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1Mby1M Virtual Accelerator Investor Forum: With Stewart Alsop of Alsop Louie Partners (Part 1)

Posted on Monday, Feb 26th 2018

Responding to a popular request, we are now sharing transcripts of our investor podcast interviews in this new series. The following interview with Stewart Alsop was recorded in May 2016. 

Stewart Alsop, Partner at Alsop Louie Partners, has been a VC for 20 years, and before that, a journalist for another 20 years in the technology industry. This conversation is wide-ranging, spanning autonomous vehicles, unreasonable entrepreneurs, etc.

Sramana Mitra: You’ve been in the business for 20 plus years and you’ve covered technology as a journalist 20 years before that. I’ve been in the business for 20 years.

Stewart Alsop: I’ve been working for 40 years.

Sramana Mitra: What is your analysis of the technology startup business today? How has it evolved?

Stewart Alsop: When I started 40 years ago, startups were not normal. When I started working in ’75, one of my first jobs was working in a magazine, which was a magazine for startups. It was fascinating. It was what got me started in the computer business. Startups were something that most people didn’t do.

The big change is the fact that startups is a career now. You’ve got students coming out of college and even dropping out of college. That’s the weirdest thing for me. I think it should be hard to start companies. I don’t think everybody should do it. I don’t think everybody should have venture capital. It’s one of the reasons I love One Million by One Million. You celebrate businesses that don’t raise venture capital and are still successful. That used to be normal.

Sramana Mitra: Most businesses don’t fit the venture capital framework. They don’t grow at exponential rates. They don’t grow to become $100 million businesses in five years. They just don’t have the characteristics to do that.

Stewart Alsop: I try to get people to think about starting companies and not about raising venture capital. If they’re lucky enough to get into a business that is in a high-growth area and needs capital to grow, then we can talk. Even then, we still don’t fund 98% of the companies we talk to.

Sramana Mitra: What trends are you most excited about in B2B technology right now?

Stewart Alsop: Back then, PCs were these radical things that people could own. We come to a series of these transitions to the point where technology is being infused into everything and beginning to transform what it’s infused in. I don’t know if it’s B2B, but autonomous is a big deal. It’s kind of B2B because the technology needs to be embedded in the cars.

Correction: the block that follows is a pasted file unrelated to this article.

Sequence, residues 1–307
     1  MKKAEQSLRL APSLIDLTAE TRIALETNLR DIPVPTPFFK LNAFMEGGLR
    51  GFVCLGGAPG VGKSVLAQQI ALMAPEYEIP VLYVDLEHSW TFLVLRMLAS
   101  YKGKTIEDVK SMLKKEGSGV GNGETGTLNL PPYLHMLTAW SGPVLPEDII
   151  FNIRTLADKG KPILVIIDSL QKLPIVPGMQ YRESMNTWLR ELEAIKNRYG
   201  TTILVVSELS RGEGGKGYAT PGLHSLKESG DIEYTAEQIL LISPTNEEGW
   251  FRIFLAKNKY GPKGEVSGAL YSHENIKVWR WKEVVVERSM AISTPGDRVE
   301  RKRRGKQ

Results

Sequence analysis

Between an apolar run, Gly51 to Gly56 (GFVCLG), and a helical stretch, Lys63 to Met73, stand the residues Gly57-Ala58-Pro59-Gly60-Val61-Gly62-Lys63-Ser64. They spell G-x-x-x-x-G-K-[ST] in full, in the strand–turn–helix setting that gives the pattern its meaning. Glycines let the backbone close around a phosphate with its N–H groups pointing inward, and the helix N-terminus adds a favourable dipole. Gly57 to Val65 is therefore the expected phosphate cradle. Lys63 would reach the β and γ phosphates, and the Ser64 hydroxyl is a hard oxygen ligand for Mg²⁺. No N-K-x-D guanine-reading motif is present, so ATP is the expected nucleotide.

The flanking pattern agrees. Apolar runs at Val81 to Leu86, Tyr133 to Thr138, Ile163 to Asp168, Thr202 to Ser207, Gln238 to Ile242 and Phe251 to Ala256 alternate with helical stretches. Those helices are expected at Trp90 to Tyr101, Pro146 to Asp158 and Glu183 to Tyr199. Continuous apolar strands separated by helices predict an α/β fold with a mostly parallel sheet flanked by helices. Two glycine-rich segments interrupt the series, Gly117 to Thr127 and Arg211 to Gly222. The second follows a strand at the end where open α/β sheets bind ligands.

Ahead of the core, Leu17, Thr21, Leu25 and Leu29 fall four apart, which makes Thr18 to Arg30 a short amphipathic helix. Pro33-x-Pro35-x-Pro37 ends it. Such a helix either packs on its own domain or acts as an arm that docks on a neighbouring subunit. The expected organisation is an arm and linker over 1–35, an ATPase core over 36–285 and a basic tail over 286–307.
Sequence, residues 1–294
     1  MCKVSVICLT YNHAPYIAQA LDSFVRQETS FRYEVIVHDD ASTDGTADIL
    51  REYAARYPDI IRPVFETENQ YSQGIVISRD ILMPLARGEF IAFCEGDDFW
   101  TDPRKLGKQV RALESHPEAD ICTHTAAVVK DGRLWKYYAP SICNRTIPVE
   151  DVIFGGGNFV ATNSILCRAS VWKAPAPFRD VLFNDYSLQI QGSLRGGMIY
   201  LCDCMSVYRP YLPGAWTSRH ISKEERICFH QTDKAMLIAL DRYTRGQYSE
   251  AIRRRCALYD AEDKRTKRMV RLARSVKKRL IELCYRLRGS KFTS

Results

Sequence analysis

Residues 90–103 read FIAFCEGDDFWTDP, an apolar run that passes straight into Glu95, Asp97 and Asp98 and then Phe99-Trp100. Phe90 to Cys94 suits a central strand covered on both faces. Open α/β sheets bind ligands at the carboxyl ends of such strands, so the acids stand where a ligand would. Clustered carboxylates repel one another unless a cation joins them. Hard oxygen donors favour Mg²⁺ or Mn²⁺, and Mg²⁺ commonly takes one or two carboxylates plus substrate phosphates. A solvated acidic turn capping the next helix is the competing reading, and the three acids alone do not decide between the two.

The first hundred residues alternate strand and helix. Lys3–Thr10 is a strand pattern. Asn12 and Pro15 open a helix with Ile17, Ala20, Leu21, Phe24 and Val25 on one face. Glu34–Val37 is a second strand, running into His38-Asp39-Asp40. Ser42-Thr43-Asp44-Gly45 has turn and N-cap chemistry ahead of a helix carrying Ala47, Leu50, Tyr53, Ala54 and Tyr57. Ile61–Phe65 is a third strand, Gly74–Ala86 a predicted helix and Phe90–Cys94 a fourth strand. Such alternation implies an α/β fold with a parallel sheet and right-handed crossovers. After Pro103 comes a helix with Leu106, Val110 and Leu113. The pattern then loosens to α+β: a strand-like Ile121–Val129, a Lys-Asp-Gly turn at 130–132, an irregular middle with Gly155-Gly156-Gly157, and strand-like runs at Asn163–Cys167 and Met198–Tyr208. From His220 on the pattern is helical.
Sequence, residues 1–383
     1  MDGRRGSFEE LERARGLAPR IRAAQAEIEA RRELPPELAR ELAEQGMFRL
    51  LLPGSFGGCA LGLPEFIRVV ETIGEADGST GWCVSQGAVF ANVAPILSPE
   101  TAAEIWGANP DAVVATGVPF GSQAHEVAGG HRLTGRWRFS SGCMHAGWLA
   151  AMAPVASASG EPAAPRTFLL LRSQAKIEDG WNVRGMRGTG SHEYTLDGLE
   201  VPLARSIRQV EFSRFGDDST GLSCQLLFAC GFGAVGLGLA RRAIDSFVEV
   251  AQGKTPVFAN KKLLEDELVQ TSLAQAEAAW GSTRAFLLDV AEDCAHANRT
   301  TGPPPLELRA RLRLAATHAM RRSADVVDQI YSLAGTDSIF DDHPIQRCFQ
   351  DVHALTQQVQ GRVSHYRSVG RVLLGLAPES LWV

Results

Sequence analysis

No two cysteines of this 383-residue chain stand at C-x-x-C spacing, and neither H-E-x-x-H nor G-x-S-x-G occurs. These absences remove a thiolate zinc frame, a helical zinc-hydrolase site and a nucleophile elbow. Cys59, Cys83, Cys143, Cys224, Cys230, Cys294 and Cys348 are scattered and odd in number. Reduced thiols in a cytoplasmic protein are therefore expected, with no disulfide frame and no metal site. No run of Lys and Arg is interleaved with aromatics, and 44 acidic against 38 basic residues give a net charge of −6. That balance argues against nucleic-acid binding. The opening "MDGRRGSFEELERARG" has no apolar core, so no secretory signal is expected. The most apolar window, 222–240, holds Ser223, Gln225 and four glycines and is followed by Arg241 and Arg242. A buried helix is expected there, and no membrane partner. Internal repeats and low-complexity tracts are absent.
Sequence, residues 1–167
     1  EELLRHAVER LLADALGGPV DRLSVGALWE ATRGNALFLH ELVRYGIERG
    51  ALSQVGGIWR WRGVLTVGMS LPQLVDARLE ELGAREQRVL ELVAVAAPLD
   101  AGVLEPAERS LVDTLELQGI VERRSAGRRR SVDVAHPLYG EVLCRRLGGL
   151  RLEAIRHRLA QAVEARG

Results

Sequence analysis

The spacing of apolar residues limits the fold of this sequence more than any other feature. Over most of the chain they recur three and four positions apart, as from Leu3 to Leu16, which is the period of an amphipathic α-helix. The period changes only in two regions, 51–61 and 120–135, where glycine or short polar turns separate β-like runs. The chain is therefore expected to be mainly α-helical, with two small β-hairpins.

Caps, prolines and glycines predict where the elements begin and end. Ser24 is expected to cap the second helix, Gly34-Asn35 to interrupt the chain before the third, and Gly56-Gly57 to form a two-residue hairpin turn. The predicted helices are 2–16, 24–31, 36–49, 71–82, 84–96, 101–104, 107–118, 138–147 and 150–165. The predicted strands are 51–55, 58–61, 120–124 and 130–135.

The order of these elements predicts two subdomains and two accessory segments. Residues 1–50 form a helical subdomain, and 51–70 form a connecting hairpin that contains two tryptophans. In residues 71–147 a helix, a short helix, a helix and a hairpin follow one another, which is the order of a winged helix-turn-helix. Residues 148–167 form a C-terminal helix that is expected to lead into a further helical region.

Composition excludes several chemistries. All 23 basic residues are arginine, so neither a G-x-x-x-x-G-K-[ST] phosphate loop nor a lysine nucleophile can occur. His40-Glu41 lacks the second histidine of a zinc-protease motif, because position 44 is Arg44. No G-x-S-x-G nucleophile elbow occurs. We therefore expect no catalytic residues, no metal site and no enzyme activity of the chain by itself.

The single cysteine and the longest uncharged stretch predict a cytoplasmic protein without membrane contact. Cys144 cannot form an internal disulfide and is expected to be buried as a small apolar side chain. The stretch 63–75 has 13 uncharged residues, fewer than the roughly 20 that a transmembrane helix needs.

There’re particular kinds of technologies that are really interesting in that environment. One of the things we’re really fascinated with right now is artificial intelligence of which there’s a series of sub-components. It’s getting to the point where back in the early 80’s, there was a big artificial intelligence thing. We got ahead of ourselves and had these fantasies about computers being intelligent.

We didn’t even have a network then. We didn’t even know that not having a network was a problem. Now we have network and it’s pretty fast and ubiquitous. We’re beginning to go back to the principles of artificial intelligence integrated into real applications. That’s interesting. I’ll give you an example. We have an investment in a company called Hover. You can go and get the application.

You can take eight pictures of your house and within a certain period of time, we will deliver a precise 3D model of your house. The problem I’m having right now is, we have too many people trying to get these models and there’s too much human labor involved. We’re in this deep process of using machine learning, neural networks, and underlying AI principals to teach our system to recognize all the different elements of the house and build that pretty model without human intervention.

Sramana Mitra: What is the application of this technology?

Stewart Alsop: The visible one is contractors will use their phone to take pictures of the house and they can use that information to make a bid for work. Contractors are blown away by this. It makes it easier for them to make accurate bids and get customers excited about what they can do and deliver that work.

This segment is part 1 in the series : 1Mby1M Virtual Accelerator Investor Forum: With Stewart Alsop of Alsop Louie Partners
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